DOE project captures, stores more than one million metric tons of carbon dioxide
In total, DOE projects have captured and securely stored nearly 7.5 million metric tons of carbon dioxide to date
The U.S. Department of Energy (DOE) — in partnership with Air Products and Chemicals Inc. — successfully captured more than one million metric tons of carbon dioxide at the hydrogen-production facility in Port Arthur, Texas.
Using a technology called vacuum swing adsorption, the project captures more than 90 percent of the carbon dioxide from the product stream of two commercial-scale steam methane reformers that would otherwise be emitted into the atmosphere. In addition to the secure storage, captured carbon from the project will be used to help produce additional, hard-to-access resources from existing nearby oil fields.
In total, DOE projects have captured and securely stored nearly 7.5 million metric tons of carbon dioxide to date, equivalent to taking more than 1.5 million cars off the road for a year. These DOE-supported projects have stored about 2.8 metric tons.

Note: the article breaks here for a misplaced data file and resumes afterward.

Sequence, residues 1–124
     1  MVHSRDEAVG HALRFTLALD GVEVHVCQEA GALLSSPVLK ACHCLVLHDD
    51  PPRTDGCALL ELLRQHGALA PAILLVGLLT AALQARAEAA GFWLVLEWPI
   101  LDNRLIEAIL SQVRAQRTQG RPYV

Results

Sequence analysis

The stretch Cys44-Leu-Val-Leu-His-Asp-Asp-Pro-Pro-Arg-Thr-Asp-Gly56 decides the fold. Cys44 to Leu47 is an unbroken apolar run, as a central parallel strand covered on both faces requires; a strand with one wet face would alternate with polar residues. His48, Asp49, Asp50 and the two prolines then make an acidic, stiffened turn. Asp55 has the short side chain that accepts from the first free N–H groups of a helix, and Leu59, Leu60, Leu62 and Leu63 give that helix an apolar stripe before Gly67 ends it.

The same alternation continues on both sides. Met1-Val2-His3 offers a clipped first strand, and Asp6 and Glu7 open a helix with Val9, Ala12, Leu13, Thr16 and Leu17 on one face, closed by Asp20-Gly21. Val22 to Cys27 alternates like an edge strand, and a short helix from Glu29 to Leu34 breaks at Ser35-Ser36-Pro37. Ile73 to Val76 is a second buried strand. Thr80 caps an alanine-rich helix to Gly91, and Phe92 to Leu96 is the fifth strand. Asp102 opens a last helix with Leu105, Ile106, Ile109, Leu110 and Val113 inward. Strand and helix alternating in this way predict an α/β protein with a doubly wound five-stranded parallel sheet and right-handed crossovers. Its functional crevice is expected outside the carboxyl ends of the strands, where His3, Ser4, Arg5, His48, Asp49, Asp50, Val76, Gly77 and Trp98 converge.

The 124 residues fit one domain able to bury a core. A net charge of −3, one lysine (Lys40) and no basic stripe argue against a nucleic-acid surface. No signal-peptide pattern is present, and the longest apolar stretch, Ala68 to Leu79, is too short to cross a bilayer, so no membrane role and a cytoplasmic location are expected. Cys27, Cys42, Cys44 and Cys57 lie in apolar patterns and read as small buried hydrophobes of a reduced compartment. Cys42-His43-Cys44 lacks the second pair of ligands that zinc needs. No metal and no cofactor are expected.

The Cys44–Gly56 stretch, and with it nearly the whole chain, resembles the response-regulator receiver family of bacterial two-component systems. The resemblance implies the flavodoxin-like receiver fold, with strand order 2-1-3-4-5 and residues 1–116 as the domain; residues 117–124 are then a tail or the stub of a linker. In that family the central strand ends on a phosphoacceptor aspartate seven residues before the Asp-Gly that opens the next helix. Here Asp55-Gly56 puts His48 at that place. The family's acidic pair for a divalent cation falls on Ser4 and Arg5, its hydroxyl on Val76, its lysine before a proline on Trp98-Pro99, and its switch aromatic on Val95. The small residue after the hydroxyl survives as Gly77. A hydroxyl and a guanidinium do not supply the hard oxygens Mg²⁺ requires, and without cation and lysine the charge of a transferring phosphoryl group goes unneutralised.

Air Products’ vacuum swing adsorption project, supported through the Department’s Industrial Carbon Capture and Storage (ICCS) program, is one of several ICCS projects advancing and deploying CCS technologies at commercial and utility-scale. Construction of the facility was completed in March 2013, on time and under budget.
In addition to demonstrating their vacuum swing adsorption technology, Air Products is also helping verify that enhanced oil recovery (EOR) is an effective method for permanently storing carbon dioxide. This method would not only allow the CO2 to be stored underground, but also increase oil production from fields that were once thought to be exhausted.
Captured carbon dioxide from Port Arthur is reused at the depleted West Hastings Field in southeast Texas during the EOR phase. Using this method, West Hastings is likely to yield as much oil as it would from traditional production activities. It has been estimated that the West Hastings Field could produce between 60 and 90 million additional barrels of oil using carbon dioxide injection.